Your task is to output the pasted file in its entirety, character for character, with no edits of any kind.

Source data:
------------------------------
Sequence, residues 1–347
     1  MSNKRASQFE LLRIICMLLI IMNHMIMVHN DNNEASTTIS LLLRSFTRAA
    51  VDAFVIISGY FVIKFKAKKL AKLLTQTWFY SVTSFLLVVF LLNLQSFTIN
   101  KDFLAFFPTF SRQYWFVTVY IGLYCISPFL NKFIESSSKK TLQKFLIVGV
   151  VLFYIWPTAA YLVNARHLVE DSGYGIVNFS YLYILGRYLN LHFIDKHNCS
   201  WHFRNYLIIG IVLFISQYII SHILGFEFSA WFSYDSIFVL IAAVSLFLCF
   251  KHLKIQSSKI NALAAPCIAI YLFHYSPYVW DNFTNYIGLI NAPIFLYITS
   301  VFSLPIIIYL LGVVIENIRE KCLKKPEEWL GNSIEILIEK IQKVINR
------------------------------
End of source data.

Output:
Sequence, residues 1–347
     1  MSNKRASQFE LLRIICMLLI IMNHMIMVHN DNNEASTTIS LLLRSFTRAA
    51  VDAFVIISGY FVIKFKAKKL AKLLTQTWFY SVTSFLLVVF LLNLQSFTIN
   101  KDFLAFFPTF SRQYWFVTVY IGLYCISPFL NKFIESSSKK TLQKFLIVGV
   151  VLFYIWPTAA YLVNARHLVE DSGYGIVNFS YLYILGRYLN LHFIDKHNCS
   201  WHFRNYLIIG IVLFISQYII SHILGFEFSA WFSYDSIFVL IAAVSLFLCF
   251  KHLKIQSSKI NALAAPCIAI YLFHYSPYVW DNFTNYIGLI NAPIFLYITS
   301  VFSLPIIIYL LGVVIENIRE KCLKKPEEWL GNSIEILIEK IQKVINR